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Save Money with NLP Tricks: Don't Ask Don't Get

Do you want to get free business class upgrades, waive your bills, and save money? Sometimes all that is needed is a little bit of strategy.

psychologicalnlp

I have a specific brand of interpersonal skills that I use - I kinda get away with things, a lot. I wanted to outline my analysis framework for when this is applicable (assuming you are not tired, lazy, and have time for it, I do it for sport sometimes).

I just waived my 4-month bill after a 30-minute conversation. I returned from my travels with a +$200 bill without realizing I will be charged and of course, I should pay it because otherwise, the big brother social security system would mark me down for being a bad citizen. It took changing 4 agents and getting to the manager and politely refusing 2 good offers before I negotiated a full waiving for 4 months. Before it was waived 2 employees told me they can't do anything at all as it is a set rate and before waiving everything the manager offered me a $5 waiver for "12 months" (wow thanks).

I have used similar negotiations to upgrade to business class from economy, waive some other bills, get things for free, and lower the price of items. My record for item price down was $300 for a rug from the middle east.

The idea here relies on creating a dumb but charismatic persona that speaks from the heart. You should believe in your case and that YOU are on the righteous side. If you believe in your righteousness the person you talk to will too. You can't go in with an attitude of "I'm tricking someone".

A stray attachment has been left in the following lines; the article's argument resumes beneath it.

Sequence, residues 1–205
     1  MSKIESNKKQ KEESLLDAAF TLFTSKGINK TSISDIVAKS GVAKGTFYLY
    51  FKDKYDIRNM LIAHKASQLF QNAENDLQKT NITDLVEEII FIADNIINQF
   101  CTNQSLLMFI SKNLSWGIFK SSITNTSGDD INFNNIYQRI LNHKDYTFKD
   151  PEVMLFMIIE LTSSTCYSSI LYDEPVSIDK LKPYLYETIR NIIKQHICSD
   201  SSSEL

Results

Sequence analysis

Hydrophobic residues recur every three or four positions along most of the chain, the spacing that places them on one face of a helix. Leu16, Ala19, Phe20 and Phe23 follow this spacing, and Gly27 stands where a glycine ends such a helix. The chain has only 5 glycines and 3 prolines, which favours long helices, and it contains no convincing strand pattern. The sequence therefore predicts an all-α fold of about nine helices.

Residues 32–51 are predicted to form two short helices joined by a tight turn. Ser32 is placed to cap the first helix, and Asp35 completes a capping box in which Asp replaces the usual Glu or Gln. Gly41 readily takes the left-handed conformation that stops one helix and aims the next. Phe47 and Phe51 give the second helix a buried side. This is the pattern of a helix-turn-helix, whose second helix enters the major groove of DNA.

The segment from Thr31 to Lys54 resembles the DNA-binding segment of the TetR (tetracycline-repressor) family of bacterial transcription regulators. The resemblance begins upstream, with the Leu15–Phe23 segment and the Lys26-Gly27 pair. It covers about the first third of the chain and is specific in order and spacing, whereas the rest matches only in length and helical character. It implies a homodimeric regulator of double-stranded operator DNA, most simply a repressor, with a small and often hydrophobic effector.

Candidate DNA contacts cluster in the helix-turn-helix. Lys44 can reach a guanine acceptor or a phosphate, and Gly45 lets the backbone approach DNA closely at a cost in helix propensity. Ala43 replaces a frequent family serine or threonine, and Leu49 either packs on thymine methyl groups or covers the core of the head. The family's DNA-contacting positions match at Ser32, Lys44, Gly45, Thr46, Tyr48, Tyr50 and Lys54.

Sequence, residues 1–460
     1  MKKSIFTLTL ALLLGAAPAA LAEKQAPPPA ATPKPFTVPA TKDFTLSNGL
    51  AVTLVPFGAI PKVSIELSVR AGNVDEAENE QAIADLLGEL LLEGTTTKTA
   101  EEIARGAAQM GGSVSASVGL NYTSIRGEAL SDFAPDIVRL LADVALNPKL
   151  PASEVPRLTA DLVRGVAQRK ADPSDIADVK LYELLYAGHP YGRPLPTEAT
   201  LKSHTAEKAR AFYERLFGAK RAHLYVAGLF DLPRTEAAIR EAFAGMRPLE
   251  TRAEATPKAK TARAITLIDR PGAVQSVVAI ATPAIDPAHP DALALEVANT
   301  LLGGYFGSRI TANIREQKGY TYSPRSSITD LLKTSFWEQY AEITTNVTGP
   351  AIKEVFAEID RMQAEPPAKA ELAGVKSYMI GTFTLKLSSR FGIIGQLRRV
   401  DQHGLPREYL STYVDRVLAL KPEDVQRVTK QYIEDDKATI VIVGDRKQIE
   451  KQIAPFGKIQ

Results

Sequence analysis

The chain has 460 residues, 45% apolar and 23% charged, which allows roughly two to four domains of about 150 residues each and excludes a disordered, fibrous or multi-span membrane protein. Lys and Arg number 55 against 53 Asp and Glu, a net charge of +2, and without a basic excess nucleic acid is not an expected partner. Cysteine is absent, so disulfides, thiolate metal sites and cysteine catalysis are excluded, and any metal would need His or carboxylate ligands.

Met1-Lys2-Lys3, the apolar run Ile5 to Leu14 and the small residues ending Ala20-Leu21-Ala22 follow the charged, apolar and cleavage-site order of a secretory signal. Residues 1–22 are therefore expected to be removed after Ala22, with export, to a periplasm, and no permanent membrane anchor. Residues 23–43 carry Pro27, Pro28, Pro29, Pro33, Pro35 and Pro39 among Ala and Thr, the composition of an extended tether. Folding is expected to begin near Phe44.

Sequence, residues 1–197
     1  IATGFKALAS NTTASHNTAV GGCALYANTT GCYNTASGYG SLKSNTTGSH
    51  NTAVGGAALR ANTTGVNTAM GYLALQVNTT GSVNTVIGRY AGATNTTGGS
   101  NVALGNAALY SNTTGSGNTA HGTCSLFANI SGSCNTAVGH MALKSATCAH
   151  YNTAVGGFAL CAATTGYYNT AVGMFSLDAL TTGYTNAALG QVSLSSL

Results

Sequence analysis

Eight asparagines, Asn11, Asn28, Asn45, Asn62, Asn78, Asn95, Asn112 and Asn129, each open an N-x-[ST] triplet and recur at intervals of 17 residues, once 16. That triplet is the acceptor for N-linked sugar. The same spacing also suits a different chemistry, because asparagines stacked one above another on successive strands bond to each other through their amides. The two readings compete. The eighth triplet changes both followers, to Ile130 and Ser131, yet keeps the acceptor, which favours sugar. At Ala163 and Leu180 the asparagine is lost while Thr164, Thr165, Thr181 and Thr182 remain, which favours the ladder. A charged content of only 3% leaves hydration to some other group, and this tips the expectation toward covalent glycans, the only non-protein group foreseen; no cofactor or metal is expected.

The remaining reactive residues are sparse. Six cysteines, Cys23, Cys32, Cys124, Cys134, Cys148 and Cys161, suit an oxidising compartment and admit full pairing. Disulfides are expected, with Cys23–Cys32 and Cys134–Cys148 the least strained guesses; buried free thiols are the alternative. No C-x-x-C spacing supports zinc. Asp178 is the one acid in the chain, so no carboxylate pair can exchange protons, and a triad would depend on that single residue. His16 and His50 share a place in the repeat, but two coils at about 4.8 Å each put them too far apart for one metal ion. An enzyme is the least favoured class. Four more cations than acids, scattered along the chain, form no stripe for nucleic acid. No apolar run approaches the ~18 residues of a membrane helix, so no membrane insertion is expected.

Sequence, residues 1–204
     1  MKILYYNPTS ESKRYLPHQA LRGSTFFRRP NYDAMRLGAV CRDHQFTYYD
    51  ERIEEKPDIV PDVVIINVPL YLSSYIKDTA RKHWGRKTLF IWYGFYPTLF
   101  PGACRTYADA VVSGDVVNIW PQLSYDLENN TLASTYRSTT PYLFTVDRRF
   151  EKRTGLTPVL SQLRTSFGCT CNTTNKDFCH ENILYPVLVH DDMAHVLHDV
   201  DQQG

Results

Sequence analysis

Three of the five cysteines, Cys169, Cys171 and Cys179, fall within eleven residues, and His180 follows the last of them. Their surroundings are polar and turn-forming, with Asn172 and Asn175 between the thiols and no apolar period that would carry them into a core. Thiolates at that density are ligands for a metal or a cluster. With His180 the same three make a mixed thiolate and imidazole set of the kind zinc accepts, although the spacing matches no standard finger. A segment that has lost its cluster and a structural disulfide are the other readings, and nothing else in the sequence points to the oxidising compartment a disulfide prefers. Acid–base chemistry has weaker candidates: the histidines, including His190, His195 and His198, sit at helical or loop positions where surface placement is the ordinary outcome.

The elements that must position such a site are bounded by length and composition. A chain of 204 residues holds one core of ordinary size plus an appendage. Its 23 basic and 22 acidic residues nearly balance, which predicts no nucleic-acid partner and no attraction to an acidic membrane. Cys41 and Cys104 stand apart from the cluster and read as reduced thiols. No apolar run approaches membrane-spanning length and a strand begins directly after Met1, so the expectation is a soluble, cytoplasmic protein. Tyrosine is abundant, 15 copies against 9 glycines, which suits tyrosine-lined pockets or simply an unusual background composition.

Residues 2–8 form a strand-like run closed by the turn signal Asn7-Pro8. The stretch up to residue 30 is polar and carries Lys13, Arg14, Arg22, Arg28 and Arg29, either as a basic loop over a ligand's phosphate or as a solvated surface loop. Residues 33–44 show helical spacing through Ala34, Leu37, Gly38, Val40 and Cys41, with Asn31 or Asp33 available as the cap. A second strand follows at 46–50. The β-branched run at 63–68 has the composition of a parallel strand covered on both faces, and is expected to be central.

1. Identify room for flexibility or the person who has more power for flexibility. Usually, it is the manager of whatever you are negotiating that you need to charm.

2. Try to get a feel for what is the maximum you can push for, a lot of this relies upon assessing your circumstances, which will come with practice. Like there is no point to do this in a store that has set prices across the franchise but in the case of my phone company they value loyalty which is what I played on leading to the next point.

3. Identify what is valued - for most companies it is loyalty. I said "I actually really enjoyed my sim card with x, this is the only issue I have" which illustrates that I actually did enjoy the company, it was just a deal breaker that they treated me like that in this one particular instance - hence indirectly communicating to them if you solve this one issue you will keep this customer loyal. This might not work on companies that have a high demand and one customer doesn't change much. Companies that value loyalty due to competition and individual store owners are usually nice go-to's.

4. Actively communicate hesitation. It has to feel like a sport for the person to convince you to stay. You can't use words that convey that you are a lost cause to them - it is their job to fight for your acceptance, so play that game. In cases of markets and bazaars like clothing and carpets I use "I'm not sure cause that guy 3 booths from here has the same thing $50 less". Walking in talking to the owner, and walking out also indirectly communicates hesitation. On the waived rug price I walked in and out of the store 4 times at 30-minute intervals to get my discount. Be ready to do the work.

5. Speak from your heart, use I-messages. " I felt tricked when I returned to this bill, I was just so satisfied with the company". Make it feel sincere, appear like one of those people who think with their emotions, and dumb yourself down until a good offer comes around.